|کد مقاله||کد نشریه||سال انتشار||مقاله انگلیسی||ترجمه فارسی||نسخه تمام متن|
|6426960||1634465||2014||8 صفحه PDF||سفارش دهید||دانلود رایگان|
- A high level of accuracy of 0.77 and 0.94 for avalanche days, depending on misclassification costs
- Achieved using a maximum of three parameters; 72Â hour sum of water, 24Â hour high and 72Â hour average high temperatures
- Assessed both statically and “true” ability to forecast avalanche activity
- Provided example to implement system into an operational forecasting program
- Use of forecasted parameters did not further reduce the skill of the model.
The Seward Highway is located in coastal Alaska and is subject to an extreme maritime climate, with strong winds, and large storms that can bring several meters of snow to the start zones and total snow in the start zones often exceeding 10Â m per year. The highway extends for over 200Â km through steep glacially carved valleys, from Seward to Anchorage, Alaska. Along its route, from mileposts 18 (29Â km) to 107 (171Â km), avalanche paths threaten the road and in many cases these avalanches flow down from their starting zones in excess of 1000Â m above the road.Using a classification tree, we examined 28Â years (1983-2011) of snowpack, weather and avalanche data. This suite of data contained more than 4500 individual avalanche events on over 100 paths, with 20 paths seeing regular activity. We used this wealth of data to train our classification tree model for days with significant avalanche activity. We tested trees with both equal and unequal misclassifications costs. The equal tree using only three parameters; the sum of 72Â h of water, the 24Â h high temperature, and the 72Â h average high temperature, managed to obtain a probability of detection of 0.77 with 422 of the 545 avalanche days correctly predicted. The unequal tree using only two parameters; the sum of 72Â h of water and 24Â h high temperature, managed to obtain a probability of detection of 0.94 with 510 of the 545 avalanche days correctly predicted, but at the expense of a high false alarm rate. Testing these trees in a hindcast mode outside of their training period results in a drop in the model performance metrics considered. However when used in a forecasting mode in an operational setting no further reduction in model performance is observed. We conclude with a demonstration and test of a simple approach to use these trees in an operational avalanche forecasting program. We show how these trees have been used in a combined approach as a tool to assist avalanche forecasters with reasonable success.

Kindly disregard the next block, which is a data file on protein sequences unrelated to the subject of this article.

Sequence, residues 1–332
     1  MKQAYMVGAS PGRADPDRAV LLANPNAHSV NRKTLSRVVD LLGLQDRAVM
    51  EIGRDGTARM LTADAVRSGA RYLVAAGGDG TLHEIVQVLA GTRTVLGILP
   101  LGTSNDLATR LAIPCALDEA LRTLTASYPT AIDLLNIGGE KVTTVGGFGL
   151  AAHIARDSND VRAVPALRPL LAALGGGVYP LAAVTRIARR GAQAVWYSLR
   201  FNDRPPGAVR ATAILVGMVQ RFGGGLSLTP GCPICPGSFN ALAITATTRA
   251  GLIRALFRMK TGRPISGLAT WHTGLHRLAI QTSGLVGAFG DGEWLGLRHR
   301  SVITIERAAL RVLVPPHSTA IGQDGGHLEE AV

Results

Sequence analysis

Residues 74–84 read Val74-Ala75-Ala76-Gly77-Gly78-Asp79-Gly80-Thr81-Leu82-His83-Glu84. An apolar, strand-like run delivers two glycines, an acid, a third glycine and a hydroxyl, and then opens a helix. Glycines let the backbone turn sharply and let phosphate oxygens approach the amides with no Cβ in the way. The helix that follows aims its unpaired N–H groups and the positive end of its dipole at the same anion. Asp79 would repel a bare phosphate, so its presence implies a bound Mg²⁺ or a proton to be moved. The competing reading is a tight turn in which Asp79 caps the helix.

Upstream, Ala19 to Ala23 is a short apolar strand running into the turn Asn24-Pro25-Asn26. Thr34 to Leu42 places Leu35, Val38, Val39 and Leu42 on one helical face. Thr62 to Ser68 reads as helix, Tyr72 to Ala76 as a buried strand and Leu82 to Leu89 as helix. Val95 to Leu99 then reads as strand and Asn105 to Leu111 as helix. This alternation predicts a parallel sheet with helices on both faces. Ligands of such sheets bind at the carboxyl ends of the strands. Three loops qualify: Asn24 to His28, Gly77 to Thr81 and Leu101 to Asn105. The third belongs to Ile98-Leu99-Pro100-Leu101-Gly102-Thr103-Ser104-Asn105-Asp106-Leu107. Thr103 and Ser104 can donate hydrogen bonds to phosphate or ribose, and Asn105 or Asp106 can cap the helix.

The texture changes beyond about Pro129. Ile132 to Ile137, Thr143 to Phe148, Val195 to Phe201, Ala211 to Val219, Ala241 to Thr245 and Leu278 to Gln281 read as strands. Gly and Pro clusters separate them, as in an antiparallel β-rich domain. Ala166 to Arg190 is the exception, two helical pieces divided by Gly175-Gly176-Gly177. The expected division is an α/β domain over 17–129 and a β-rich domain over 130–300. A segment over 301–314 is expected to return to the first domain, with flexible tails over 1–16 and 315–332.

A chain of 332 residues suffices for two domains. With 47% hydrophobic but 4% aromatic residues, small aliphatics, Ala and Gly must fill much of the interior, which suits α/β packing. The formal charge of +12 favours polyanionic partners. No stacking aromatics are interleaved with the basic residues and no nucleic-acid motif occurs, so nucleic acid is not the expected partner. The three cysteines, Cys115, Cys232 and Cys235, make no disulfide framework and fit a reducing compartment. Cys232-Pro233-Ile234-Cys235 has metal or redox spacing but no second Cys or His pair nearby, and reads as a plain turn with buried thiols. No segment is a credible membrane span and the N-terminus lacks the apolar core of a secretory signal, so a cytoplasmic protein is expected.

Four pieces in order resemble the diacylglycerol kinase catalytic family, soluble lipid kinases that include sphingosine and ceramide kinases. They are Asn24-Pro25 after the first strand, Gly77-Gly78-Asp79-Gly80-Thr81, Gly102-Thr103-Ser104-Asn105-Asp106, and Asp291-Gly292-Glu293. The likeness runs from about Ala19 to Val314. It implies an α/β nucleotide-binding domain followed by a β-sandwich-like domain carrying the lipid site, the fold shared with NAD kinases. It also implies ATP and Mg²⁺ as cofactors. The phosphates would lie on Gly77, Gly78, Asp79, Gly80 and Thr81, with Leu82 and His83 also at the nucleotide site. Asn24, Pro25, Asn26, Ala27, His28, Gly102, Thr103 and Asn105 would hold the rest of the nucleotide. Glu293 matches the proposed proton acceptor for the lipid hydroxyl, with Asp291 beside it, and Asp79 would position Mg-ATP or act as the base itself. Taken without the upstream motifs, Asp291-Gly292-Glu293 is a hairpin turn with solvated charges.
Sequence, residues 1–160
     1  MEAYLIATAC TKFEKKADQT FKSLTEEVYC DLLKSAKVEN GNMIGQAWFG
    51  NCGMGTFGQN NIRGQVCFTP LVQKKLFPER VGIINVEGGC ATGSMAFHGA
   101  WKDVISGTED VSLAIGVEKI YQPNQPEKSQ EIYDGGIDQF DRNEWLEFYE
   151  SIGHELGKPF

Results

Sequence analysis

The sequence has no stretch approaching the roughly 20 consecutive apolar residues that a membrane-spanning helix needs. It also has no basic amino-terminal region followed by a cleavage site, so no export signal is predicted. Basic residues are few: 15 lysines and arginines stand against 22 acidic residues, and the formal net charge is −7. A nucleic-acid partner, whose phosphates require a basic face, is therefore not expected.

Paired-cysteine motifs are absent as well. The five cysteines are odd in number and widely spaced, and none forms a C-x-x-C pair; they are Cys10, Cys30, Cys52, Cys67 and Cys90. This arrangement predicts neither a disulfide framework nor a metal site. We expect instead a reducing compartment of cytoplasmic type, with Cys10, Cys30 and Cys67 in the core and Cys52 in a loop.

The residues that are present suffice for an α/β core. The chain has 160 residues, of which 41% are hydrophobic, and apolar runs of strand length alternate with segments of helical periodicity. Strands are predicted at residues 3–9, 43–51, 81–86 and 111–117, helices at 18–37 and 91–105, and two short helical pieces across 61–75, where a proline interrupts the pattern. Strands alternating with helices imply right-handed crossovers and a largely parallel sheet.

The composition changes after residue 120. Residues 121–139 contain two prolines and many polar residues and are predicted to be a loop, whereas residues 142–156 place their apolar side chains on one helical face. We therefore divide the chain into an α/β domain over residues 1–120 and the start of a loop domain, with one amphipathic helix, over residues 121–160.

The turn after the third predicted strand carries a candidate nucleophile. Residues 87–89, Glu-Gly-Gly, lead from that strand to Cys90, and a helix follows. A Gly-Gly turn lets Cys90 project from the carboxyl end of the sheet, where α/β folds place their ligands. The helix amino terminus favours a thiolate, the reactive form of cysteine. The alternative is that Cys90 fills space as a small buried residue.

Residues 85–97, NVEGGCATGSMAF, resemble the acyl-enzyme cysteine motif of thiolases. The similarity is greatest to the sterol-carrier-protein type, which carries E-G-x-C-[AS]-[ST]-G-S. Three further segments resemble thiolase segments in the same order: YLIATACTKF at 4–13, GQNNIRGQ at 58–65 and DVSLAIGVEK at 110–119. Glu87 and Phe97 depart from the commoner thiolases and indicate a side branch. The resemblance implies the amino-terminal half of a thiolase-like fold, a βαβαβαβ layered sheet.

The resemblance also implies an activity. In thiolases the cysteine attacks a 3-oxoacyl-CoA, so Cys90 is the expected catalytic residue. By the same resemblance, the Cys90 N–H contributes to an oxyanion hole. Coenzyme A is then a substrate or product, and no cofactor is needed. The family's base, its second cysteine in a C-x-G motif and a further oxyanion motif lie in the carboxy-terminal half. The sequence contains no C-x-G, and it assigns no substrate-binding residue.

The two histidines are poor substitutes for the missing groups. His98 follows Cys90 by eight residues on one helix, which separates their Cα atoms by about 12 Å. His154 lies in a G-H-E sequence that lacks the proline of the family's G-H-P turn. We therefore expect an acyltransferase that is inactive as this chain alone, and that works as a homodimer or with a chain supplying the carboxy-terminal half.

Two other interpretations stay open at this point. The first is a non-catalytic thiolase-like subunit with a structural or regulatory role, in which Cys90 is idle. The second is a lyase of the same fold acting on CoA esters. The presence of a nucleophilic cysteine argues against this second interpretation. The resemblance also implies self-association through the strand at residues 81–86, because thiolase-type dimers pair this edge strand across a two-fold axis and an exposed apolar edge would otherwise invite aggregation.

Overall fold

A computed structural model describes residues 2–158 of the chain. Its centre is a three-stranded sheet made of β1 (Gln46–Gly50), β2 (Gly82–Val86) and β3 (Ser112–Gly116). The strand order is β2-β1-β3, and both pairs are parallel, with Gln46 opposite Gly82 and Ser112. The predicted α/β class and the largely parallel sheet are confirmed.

Journal: Cold Regions Science and Technology - Volume 97, January 2014, Pages 113-120